Dairy Free Children and Adults
Dairy free diets sound horrendous to the un-initiated but there are many who have learnt to love them. In the second part of her investigation into dairy sensitivity Michelle Berriedale-Johnson looks at the unlikely places where dairy products may lurk and what can successfully be used to replace them.
Although it seems illogical, legally, in medico speak, and in commercial parlance, ‘'dairy free' means cows' milk free, not animal milk free. In the real world those who react to lactose (the sugar found in all animal milks including human) will probably react to all animal milks, but those who react to specific proteins in cows' milk may be able to tolerate goat, sheep or buffalo milk.
If dairy sensitivity strikes in infancy (Dairy free infants & toddlers) the problem is not to diagnose but to deal with it. But if it strikes in childhood or as an adult, you need first to identify dairy as the problem before you dramatically alter your diet to exclude it.
It is possible to be mildly dairy intolerant, but relatively symptom free, for a long period but for the sensitivity to suddenly become more acute because of some other health problem.
It is also possible for a sensitivity to be brought on by an outside event. This could be any kind of physical or psychological trauma (viral infection, accident, emotional crisis, depression) but is most often a digestive episode. Many sensitivities arise after a serious bout of gastroenteritis, often travellers' gastroenteritis, when the balance of the gut flora has been upset. The gut wall may also have been damaged and become ‘'leaky' or the lactase enzyme which digests the lactose sugar in the milk may have been washed out of the system by diarrhoea. The result of any of these events is that undigested or semi digested milk proteins or lactose either remain too long in the gut or get through the gut wall into the blood stream. Sometimes they can even breach the blood/brain barrier to reach the brain causing mood and behaviour problems such as depression or mood swing in adults, hyperactivity or ADHD in children.
Milk protein intolerance or allergy may also cause digestive symptoms - vomiting, wind, bloating, cramps, diarrhoea and constipation. However it may also cause breathing problems or ENT issues (rhinitis or runny nose, otitis media, glue ears, sore throat, hay fever, asthma), skin problems (urticaria, eczema) and behavioural problems (depression, mood swings, ADHD). But such is the nature of dairy sensitivity, that it can cause almost any symptom in the world.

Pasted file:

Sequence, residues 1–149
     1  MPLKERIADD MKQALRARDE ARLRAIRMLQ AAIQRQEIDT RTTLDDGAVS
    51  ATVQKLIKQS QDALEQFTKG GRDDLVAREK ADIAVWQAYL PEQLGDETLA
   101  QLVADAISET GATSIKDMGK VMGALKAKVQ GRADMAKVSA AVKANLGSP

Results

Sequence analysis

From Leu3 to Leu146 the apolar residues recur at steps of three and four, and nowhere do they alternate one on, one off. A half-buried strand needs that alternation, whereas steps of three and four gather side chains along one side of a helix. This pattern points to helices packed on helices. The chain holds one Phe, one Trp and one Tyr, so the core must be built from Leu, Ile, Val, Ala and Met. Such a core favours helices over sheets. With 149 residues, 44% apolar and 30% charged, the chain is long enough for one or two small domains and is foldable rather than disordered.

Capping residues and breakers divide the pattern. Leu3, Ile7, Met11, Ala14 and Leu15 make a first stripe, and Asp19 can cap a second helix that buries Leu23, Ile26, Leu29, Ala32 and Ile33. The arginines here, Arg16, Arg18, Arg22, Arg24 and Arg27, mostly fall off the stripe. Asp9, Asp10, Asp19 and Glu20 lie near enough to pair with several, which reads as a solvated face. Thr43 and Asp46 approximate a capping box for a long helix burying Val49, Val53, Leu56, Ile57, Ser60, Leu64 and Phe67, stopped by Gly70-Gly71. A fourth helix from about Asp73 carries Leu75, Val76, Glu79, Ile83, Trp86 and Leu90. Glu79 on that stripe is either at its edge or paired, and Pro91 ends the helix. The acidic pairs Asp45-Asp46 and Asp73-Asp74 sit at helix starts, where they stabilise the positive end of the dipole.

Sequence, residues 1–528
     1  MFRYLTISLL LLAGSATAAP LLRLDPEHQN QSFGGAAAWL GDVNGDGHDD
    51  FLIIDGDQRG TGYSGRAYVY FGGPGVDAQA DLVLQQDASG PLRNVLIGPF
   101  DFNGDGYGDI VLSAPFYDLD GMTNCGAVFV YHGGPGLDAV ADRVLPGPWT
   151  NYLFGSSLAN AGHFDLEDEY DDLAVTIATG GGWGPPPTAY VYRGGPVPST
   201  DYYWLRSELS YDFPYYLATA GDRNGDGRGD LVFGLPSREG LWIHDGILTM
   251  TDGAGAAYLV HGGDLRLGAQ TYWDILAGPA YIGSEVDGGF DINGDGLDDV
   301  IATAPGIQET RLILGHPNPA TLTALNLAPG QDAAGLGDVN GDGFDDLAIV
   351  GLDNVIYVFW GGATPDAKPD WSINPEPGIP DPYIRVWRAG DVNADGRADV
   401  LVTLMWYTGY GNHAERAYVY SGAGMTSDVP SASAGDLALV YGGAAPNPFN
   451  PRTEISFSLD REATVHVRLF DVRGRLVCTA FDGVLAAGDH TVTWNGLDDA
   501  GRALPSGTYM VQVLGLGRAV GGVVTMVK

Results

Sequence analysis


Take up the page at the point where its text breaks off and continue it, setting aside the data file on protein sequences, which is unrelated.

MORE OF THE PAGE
In rare cases a milk sensitivity can be very severe and cause anaphylactic shock in which the mouth and airways swell up, breathing becomes difficult and blood pressure drops dramatically. This can be fatal - see below.
Diagnosing a food intolerance rather than a food allergy is more difficult both because reactions can occur up to 3 days after you have eaten the food, and because you may be reacting to more than one food.
This exclusion should go on for at least three months. If your sensitivity was caused by other health problems which have in the meantime been addressed (digestive damage, exhaustion, viral illness, emotional upset etc) you may well find that you are once more able to tolerate dairy products. Even so it would be wise to continue to eat them in moderation.
If however the sensitivity was more deep rooted (the digestive damage greater or general health problems more serious) you may have to continue to exclude dairy on a longer term or even a permanent basis. However, depending on the degree of your sensitivity, you may be able to relax your diet slightly.
Identifying dairy products
As with any food sensitivity you will need to become an avid reader of labels and be suspicious of every unlabelled food that you eat in a restaurant or outside your own home and control.
Below we give a table with the ingredients you need to look out for and the foods you are most likely to find them in.
Replacing dairy products
Dairy products do provide us with a great deal of very useful nutrition so it is important that, if you are going to exclude them, you replace them with alternative sources. The second and third tables below suggest reasonable substitutes for regular cows’ milk, butter, ice cream etc and foods which will replace the nutritional elements, especially calcium, which is normally derived from dairy products.
Finally, we are listing some books and websites that you may find useful in coping with a dairy sensitivity.
Dairy products: includes milk, cream, butter, cheese, yogurt - but NOT eggs.
Remember the term 'Dairy free' only means cows' milk free, not sheep, goat or other animal milk free.
Other names for dairy products:
Are likely to be found in:
Soya milk, cream, yogurt and cheese
Soya cream works like pouring cream; soya yogurts, plain and fruit flavoured, are excellent. Soya cheeses do not taste anything like regular cheese although some of the slices melt OK for pizzas or sandwiches.
Coconut milk and cream
Dairy free spreads
Replacing 'dairy' nutrients
Dairy Free Books & Websites
First published in 2004. Updated April 2013.